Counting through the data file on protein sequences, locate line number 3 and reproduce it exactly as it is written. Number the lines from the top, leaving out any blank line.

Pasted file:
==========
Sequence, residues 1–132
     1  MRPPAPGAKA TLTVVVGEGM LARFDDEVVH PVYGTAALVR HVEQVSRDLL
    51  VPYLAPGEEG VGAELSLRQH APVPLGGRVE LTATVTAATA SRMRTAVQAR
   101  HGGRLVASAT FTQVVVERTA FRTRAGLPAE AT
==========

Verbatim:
    51  VPYLAPGEEG VGAELSLRQH APVPLGGRVE LTATVTAATA SRMRTAVQAR